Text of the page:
Senate Majority Leader Mitch McConnellMitch McConnellStudy: Trump tops recent GOP presidents in signing bills in first 100 days Senate passes stopgap funding bill to avert shutdown Let’s never talk about a government shutdown — ever again MORE is acknowledging that he has few options to block the Obama administration’s nuclear deal with Iran.
President Obama has “a great likelihood of success” in an upcoming congressional faceoff on the deal, the Kentucky Republican said on Monday, according to reports.
The comments appear to signal Republican leaders’ reluctant recognition that the math required to override a potential veto of legislation to kill the deal remains slightly out of their grasp.
Though not a single Republican has yet been willing to support the agreement, an overwhelming majority of Democrats have lined up to support the deal.
The calculus for critics of the agreement became slightly more favorable on Tuesday, when Sen. Bob Menendez (D-N.J.) announced that he would become the second Senate Democrat to vote to kill the deal, joining Sen. Charles Schumer (D-N.Y.), the heir apparent to the Senate Democratic leader’s chair.
“What I'm pretty confident of is sustaining the veto will be an entirely Democratic exercise," McConnell said on Monday, according to the Lexington Herald-Leader. "Sen. [Charles] Schumer coming out against the deal was helpful.”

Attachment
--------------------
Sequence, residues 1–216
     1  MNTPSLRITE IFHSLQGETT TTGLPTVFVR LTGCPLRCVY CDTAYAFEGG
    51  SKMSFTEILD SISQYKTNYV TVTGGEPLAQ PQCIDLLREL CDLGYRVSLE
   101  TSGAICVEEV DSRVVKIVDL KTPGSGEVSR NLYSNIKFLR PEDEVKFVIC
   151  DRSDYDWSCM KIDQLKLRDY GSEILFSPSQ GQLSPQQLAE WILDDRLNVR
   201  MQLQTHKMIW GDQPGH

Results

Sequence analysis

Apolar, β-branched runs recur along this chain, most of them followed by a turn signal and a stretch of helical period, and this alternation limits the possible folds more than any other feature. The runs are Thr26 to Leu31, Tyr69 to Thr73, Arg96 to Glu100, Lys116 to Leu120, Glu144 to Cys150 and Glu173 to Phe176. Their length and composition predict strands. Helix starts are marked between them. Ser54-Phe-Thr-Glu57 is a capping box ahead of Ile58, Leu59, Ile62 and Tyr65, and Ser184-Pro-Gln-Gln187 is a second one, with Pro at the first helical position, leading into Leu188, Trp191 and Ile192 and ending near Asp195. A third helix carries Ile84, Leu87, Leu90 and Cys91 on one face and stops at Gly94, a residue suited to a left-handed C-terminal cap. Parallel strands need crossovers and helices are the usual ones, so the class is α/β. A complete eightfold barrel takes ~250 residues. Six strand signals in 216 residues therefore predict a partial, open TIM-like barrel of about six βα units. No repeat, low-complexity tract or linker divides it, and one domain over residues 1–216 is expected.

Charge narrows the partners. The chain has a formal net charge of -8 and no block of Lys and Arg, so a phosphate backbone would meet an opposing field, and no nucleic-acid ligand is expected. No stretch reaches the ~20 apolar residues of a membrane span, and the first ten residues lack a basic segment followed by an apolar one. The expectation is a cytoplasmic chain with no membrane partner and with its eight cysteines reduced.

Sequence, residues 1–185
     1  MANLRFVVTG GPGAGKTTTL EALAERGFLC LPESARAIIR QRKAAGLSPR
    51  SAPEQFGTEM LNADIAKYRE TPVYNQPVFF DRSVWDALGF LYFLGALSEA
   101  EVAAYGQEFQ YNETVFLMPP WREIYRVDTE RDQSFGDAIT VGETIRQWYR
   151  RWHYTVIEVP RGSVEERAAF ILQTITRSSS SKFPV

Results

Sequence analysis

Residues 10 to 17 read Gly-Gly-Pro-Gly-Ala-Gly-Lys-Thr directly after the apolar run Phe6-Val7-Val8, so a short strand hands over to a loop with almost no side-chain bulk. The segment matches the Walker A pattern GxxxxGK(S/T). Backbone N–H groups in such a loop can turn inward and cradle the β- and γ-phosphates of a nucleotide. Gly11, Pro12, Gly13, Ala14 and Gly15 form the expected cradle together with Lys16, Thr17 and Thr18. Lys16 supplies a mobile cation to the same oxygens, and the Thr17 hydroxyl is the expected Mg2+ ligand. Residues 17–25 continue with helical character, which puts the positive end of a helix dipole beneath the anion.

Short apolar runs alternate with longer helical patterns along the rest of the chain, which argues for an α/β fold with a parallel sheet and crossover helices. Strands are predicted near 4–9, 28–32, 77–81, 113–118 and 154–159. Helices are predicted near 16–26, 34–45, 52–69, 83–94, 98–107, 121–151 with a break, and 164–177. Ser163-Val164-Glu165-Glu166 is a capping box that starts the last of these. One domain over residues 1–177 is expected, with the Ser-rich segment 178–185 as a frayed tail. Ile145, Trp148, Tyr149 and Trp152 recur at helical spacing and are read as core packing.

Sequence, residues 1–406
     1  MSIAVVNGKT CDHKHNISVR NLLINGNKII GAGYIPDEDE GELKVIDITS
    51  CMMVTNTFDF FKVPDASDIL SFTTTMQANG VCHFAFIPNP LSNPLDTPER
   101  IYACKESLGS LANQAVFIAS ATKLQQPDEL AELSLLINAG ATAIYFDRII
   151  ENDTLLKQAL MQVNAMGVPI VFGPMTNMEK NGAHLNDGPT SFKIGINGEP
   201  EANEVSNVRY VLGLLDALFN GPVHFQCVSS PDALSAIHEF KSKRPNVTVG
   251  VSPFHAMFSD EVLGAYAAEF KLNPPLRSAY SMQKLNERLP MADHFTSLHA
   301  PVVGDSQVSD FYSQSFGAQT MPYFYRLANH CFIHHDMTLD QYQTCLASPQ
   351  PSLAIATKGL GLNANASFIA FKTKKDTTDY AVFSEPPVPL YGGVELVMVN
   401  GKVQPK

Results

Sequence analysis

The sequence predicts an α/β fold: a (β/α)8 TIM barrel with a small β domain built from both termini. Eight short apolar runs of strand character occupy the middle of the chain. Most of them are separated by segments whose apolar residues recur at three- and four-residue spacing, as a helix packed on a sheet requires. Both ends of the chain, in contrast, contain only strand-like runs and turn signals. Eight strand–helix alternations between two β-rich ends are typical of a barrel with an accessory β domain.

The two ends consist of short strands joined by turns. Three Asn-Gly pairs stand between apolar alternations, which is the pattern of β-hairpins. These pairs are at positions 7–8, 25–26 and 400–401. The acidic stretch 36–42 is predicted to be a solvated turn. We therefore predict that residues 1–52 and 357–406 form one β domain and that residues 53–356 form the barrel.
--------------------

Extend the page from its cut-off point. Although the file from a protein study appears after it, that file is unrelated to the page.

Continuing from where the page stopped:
“I hope we can defeat it, but the procedure is obviously stacked in the president's favor,” he added. “And we'll see."
Opponents were given an additional boost over the weekend, when Sen. Jeff Flake (R-Ariz.) came out against the nuclear accord. Flake’s decision dramatically increased the odds that Republicans remain united to kill the deal.
Republicans will need the support of six Democrats to overcome a filibuster of legislation to kill the deal, and an additional seven to overcome Obama’s veto, assuming GOP lawmakers vote in a united bloc.
But despite a few notable dissenters, Democrats are increasingly saying they support the agreement, which places limits on Iran's nuclear power in exchange for the lifting of sanctions.
Though not impossible, critics’ opportunities for a pickup are diminishing.